War of the Rebellion: Serial 006 Page 0817 Chapter XVI. CORRESPONDENCE, ETC.-CONFEDERATE.

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it out, and making general rules and orders for its control and management. Fourteen Mississippi River captains and pilots will never agree about anything after they once get under way. Moreover, as each ship will carry one gun, there will be some necessary arrangements for munitions of war, signals, &c.

They have already got to work upon some of the ships. I will send you a list of their names, with valuations, as soon as I receive the official report of the appraisers.

I sent Mr. Lee to Texas for the Vanderbilt powder. General Hebert, acting as he says, under necessity, had taken half the powder, and, taking into consideration all the circumstances, of their distance, their want of local means, and other facilities, I think it is about as well that he has done so. The other half is en route for this point, and will arrive in a week or ten days. Some forty boxes are wet, but these can be worked over at our mills.

The securities by Mr. Angoman (Charles Koch & Co.) have withdrawn their names, as they consider it impossible for him to bring in the 75 tons of powder.

The steamer Calhoun, on her here from Havans, with 50,000 pounds of powder, 400 bags of coffee, &c., was abandoned last week near the mouth of the river most unnecessarily and timidly, and fell into the hands of the enemy. She will prove a great pest on the coast, as she is very fast of light draught. Her crew tried to set her on fire, but in their fright and haste they failed to do so effectively. It was an unfortunate piece of business.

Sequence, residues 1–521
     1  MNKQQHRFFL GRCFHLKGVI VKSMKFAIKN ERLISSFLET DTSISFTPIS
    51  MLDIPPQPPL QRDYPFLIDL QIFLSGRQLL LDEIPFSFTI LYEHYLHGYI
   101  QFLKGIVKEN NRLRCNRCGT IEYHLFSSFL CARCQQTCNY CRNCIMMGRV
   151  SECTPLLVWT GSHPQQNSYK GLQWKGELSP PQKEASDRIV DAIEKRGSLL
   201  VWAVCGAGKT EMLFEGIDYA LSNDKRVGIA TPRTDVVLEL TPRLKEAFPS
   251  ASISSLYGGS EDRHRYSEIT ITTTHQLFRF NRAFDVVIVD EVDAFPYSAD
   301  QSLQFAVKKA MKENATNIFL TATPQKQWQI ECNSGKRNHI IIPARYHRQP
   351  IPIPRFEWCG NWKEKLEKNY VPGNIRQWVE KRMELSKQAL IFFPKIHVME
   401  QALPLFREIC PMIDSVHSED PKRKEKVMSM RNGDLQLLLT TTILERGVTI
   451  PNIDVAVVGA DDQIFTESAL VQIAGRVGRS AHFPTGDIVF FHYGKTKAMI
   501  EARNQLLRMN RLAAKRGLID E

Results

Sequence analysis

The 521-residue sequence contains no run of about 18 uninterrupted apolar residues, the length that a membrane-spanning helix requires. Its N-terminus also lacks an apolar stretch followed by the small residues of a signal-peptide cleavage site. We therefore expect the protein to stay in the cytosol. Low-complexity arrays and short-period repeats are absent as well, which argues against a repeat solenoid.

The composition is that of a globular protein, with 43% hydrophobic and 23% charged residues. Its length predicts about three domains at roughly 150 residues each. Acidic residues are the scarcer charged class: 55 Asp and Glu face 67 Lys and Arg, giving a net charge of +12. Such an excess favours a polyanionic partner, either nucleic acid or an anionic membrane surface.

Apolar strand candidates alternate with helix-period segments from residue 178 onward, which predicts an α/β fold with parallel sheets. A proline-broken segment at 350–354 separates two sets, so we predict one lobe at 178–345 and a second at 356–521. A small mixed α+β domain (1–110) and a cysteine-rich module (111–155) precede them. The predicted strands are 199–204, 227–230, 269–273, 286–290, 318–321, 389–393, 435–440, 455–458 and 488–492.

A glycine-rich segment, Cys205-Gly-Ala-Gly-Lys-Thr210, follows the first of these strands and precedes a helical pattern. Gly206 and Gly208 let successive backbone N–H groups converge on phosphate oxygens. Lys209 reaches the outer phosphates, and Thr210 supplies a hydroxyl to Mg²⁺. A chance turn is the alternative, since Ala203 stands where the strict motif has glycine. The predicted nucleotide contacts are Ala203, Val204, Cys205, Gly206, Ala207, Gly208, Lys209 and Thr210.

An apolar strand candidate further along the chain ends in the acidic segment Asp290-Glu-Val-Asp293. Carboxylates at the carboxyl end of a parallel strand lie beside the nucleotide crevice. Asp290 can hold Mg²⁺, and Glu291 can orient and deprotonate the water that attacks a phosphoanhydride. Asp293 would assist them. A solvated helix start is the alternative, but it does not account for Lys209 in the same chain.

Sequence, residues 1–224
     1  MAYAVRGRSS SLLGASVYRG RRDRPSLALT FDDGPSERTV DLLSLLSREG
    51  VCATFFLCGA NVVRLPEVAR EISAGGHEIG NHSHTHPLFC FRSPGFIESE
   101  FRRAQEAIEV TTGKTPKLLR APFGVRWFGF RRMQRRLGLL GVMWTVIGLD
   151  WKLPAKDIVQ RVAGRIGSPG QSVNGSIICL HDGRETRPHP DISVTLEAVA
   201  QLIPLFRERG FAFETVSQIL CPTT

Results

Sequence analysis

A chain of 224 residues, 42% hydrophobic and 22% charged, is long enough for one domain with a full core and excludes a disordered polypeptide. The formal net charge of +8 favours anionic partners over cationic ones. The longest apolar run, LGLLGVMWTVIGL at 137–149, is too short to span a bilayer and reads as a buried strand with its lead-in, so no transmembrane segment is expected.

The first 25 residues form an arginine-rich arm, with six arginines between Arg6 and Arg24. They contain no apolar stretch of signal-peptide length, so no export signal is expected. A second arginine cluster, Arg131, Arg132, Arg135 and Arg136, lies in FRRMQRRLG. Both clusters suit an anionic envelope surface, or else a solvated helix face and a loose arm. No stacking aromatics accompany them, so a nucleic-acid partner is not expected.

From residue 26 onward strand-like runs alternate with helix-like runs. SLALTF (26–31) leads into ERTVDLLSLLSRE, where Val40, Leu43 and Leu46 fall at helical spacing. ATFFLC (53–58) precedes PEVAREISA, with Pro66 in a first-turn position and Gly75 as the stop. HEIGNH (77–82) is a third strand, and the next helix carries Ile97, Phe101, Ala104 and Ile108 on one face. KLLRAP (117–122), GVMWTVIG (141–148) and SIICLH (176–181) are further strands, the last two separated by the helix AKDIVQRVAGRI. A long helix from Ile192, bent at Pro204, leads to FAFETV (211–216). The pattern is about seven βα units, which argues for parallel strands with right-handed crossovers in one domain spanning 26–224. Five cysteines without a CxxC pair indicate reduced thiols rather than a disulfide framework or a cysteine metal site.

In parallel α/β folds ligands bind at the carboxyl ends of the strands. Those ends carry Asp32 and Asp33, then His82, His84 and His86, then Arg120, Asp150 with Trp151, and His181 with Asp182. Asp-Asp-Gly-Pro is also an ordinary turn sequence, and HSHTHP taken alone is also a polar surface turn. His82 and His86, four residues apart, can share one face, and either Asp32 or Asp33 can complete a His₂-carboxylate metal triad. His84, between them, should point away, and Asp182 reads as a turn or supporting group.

I sent General Johnston, after the defeat of Crittenden, 200,000 cartridges, 400 double-barreled shot-guns, and 16 tons of lead, as he telegraphed me that he was out of that article. I will also send up to him the five Mississippi companies that Governor Pettus sent me for coast defense when it was understood that General Polk had declined to send back the Third Mississippi Regiment as soon as I can have them put through the measles; a process which they are now undergoing, one-half of them now being sick.

In your letter of the 6th instant you indicated particularly the duties which it was proposed to assign to General Trimble, but he has never made his appearance here as yet. The nature of the proposed duty requires a young and active man, but I will gladly receive any assistance that you can spare. General Cooper telegraphs, in reply to my question, that no order has been issued transferring General Trimble to this department. There must be some mistake about it.

I beg that you will advise me at your early convenience as to the time and means of paying for the steamers seized here, as the parties annoy me considerably.

Respectfully, your obedient servant,

M. LOVELL,

Major-General, Commanding.

RICHMOND, VA., January 28, 1862.

General MANSFIELD LOVELL,

New Orleans, La.:

Your letter of the 20th received. Make the best arrangements you can for the Tennessee. It is impossible to put credits abroad, but we can make any proper advances on this side.

J. P. BENJAMIN,

Secretary of War.

52 R R-VOL VI